Dan Gilroy talks SUPERMAN LIVES – Tim Burton's dark alienated vision

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Super Cage

 

If there’s one film that I wish I had the cash to finance, it’s Tim Burton’s Superman Lives. A balmy director, Nicolas Cage in the lead role as the last son of Krypton and some crazy ideas could have resulted in one hell of a film that would have been a cult classic by the standards of today. But alas, it was not meant to be. And according to then-screenwriter Dan Gilry, the film was soul-crushingly close to being filmed before it was exposed to deadly movie executive Kryptonite.

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Speaking to Collider, Gilroy explained how he and Burton had worked on the story for more than a year, with ideas on how Clark would feel alienated from humanity because of that inconvenient exploding planet situation at the start of the film:

Tim had this tremendous idea.  The premise was that Jor-El did not have time when he put little Kal-El into the meteorite, he didn’t have time to explain to him what was going on.  So Tim’s idea was that when we come upon Clark Kent in the present day, he doesn’t know what any of this is.  He doesn’t know how he fits in.  He’s going through an emotional crisis in his life.  He has a relationship with Lois Lane, but he can’t really pursue it because he’s unsure of his own identity.  And Tim was really exploring or deconstructing in a brilliant way the psychological aspects of what it’s like to be this character.

So what was more powerful than a Superman movie with an all-star team? A lack of cash for one thing:

Unfortunately, what happened was we were working at Warner Bros. at the time and as we were developing it over the period of a year, Warner Bros. just had one misfire after another.  Films that were coming out were not doing well, were not performing, and money became an issue, and at the end of the day they just felt the budget was too big and didn’t feel like they were in a place where they could greenlight the movie.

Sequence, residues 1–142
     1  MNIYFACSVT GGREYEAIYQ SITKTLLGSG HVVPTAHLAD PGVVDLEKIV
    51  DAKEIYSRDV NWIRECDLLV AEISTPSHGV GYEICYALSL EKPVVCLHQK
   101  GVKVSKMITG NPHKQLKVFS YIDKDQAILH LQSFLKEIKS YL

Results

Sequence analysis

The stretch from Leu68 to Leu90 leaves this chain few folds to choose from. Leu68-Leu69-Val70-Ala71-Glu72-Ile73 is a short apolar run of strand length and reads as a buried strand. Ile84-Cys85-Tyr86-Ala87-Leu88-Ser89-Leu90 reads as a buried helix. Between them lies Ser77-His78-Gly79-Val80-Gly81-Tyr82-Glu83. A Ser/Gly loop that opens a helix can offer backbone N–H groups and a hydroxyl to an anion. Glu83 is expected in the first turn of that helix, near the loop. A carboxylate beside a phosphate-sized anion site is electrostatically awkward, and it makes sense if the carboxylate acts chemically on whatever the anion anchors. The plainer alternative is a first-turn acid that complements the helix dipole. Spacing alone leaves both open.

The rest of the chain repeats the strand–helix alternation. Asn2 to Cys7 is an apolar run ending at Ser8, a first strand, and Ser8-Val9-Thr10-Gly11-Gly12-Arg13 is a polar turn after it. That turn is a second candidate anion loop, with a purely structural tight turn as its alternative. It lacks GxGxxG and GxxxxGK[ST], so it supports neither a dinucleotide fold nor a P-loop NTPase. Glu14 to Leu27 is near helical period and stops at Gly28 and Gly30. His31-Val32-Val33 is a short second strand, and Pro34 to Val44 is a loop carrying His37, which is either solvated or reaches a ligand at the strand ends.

When compared to one another, the idea of an alienated Superman sounds quite similar to Zack Snyder’s Man Of Steel. But Gilroy says that the two films would have had miles of differences:

As much as I like Man of Steel, as you know, Tim’s sensibilities are very specific and lend themselves to—I don’t want to say “whimsical” because that doesn’t ground it in the weight of what Tim really does.  It was a mix of psychological exploration and Tim’s sense of humor.  I think Man of Steel, great as it was, you couldn’t really look back on it and say there are a lot of funny moments in it.  I think human reality and the human experiment, which Tim really embodies, is that humor’s a part of it.  And as weighty as the character is and as weighty as the character’s dilemma is, which Clark Kent would be going through, that to bring the humor into it, and bring the oblique observational direction that Tim looks at things, I think it would have been very special.

I remember the scenes between Clark and Lois, and obviously they’re very far along in their relationship, but he can’t take that next step in their relationship of commitment because he didn’t know who he was.  And in Tim’s movie, when he finds out he’s in alien, it’s an utter crisis.  This is the worst news possible.  This is like my biggest fear: that I’m an alien!  You walk around thinking it’s a pathological thing; maybe I have a tumor that gives me strength.  But to find out you’re an alien, that you’re not of this planet, I smile when I think about it because I so enjoy thinking about it and working with Tim and what it could have been.

It’s the kind of film that was ridiculously close to being filmed, before Warner Bros packed up their fat stacks of cash. A production that had already invested many millions of dollars into sets and pre-production:

They built tens of millions of dollars of sets.  When they pulled plug, this was very far along.  The day they pulled the plug, I went out to the valley where the production facility was, and I walked through a building with several hundred people working in it with sketches and set designs.  It was very far along.  We were weeks before shooting.

I don’t care how crazy the film sounds, I’d have paid way too much cash to see that movie in cinemas.

Last Updated: October 27, 2014

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